I read with much interest Hugh Byford’s fascinating item on South Norwood in the last issue of the Review. It prompted me to go to my bookshelf to see if I could discover something of the history of the area. With the end of the current century in mind I reached for my copy of Kelly’s Directory of Surrey for the year 1899 which contains thirty one and a half pages on Norwood, almost nine of which list the names of the prominent inhabitants and traders who resided in South Norwood at that time.
Among the fascinating entries relating to the locality were details of the Norwood News & Crystal Palace Chronicle which was founded in 1868 and based at 31 Station Road. The paper was then owned by William Tyas and was published by Alfred C. Hall. Labelled ‘Conservative’ in outlook, the Chronicle was published each Saturday.
To the poor of the area possibly the most important resident of South Norwood was Frederick Henry Burton, the ‘Relieving Officer’ for the Norwood and Penge District of the Croydon Union who lived at 44 Penge Road. He was responsible for administering the very limited ‘relief’ then available to the aged and inform from the local Board of Guardians of the Poor.
I reproduce below the information on South Norwood Kelly provided readers in 1899 which I thought present-day residents of the locality may find of interest:
SOUTH NORWOOD is included within the municipal, parliamentary and county borough of Croydon. Norwood junction station on the London, Brighton and South Coast railway is situated here, and the line from Balham with a station within this district at Selhurst, and the Croydon and Epsom line here join the main Brighton line and here also is connection with the London, Chatham and Dover railway.
St. Mark’s, South Norwood, is a parish formed Sept. 27 1859, out of All Saints’, Norwood, in the civil parish of Croydon. The church, built in 1852, is of Kentish rag, in the Early Decorated style, and has a belfry containing one bell: in the chancel are three memorial windows: there are 750 sittings, 200 being free. The register dates from the year 1852. The living is a vicarage, net yearly value £650, with residence, in the gift of the vicar of All Saints, and held since 1898 by the Rev. Henry Bickersteth Ottley M,A, of St. John’s College, Oxford. The area is 470 acres; and the population in 1891 was 10,582.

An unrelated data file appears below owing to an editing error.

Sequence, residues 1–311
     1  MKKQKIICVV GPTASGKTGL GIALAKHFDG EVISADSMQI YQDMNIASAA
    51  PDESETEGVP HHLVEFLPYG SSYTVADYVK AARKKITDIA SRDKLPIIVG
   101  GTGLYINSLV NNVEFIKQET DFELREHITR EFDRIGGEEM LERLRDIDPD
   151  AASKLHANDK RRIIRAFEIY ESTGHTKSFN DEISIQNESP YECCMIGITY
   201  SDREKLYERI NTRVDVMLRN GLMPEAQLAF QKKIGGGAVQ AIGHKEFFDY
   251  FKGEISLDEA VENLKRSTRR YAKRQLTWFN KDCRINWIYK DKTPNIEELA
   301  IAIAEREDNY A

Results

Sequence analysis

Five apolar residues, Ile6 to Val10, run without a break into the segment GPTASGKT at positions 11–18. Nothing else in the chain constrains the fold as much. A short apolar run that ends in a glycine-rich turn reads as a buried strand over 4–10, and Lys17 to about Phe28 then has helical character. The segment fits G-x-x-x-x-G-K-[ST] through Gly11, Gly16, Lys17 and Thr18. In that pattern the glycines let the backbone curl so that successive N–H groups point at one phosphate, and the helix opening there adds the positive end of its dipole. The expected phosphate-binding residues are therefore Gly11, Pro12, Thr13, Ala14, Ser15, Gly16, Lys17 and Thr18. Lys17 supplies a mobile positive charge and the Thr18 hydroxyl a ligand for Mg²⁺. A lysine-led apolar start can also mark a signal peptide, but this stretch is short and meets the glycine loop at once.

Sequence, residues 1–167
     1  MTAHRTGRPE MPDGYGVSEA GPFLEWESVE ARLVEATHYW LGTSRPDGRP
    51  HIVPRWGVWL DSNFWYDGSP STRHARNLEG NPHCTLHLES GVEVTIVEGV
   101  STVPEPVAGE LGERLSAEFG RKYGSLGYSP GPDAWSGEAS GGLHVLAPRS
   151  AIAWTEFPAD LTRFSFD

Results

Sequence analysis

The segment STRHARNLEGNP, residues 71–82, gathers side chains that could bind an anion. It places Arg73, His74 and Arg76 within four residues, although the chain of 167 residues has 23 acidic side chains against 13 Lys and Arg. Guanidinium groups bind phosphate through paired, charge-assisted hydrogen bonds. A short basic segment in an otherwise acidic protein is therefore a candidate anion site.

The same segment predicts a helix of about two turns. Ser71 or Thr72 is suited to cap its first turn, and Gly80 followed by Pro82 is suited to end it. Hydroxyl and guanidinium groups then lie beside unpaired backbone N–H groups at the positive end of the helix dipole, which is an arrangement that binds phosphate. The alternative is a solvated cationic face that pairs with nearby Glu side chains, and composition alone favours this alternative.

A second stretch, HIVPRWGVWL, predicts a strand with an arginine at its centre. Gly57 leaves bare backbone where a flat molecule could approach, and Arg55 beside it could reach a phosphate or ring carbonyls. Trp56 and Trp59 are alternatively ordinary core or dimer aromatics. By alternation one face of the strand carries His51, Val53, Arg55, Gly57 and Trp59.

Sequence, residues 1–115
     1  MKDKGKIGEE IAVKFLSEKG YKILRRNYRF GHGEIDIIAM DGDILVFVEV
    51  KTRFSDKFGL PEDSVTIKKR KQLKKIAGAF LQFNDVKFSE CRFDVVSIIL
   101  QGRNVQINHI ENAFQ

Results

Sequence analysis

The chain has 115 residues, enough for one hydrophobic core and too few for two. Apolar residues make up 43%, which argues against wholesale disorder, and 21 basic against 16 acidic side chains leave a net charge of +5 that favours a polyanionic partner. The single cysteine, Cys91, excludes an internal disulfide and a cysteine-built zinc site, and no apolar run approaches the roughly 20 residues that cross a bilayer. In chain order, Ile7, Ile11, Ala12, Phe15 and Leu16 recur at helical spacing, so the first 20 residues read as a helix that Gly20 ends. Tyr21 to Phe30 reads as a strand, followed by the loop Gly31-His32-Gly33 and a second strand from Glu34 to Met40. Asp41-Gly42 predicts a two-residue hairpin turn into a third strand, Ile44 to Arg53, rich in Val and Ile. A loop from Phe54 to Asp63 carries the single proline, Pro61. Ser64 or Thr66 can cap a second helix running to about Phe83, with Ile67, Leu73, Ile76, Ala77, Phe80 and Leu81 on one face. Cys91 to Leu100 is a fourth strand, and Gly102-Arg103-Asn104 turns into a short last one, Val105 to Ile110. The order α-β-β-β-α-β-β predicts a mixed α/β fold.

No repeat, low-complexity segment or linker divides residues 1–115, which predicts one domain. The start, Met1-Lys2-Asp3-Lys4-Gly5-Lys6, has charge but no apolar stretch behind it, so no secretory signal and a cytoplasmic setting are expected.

Holy Innocents’ church, Selhurst road, a chapel of ease to St. Mark’s, was built in 1895.
Holy Trinity parish was formed Aug. 23rd, 1867, out of the parish of St. James’, Croydon. The church, consecrated in 1967, is of stone, in the Early English style, and seats about 586 persons, 150 sittings being free. The register dates from the year 1867. The living is a vicarage, net yearly value £115, chiefly derived from pew rents, in the gift of the vicar of St. James’, Croydon, and held since 1894 by the Rev. Clifton Bokenham M.A. of Pembroke College, Cambridge. The population in 1891 was 5,204.
There are Congregational and Wesleyan chapels.
The Jewish Convalescent Home, Portland road, was founded in 1869 in memory of Judith, Lady Montefiore and is available for 29 patients.
Public baths for both sexes were opened here in 1881, and are under the control of the Croydon Corporation, and there is a branch here of the Croydon Free Library.
Here is a pottery, where red earthenware is made.
(Entry for South Norwood taken from Kelly’s Directory of Surrey 1899.)
John W. Brown
A Glimpse of Norwood’s ‘Forgotten’ Suburb in 1899
The Norwood Review Edition #148.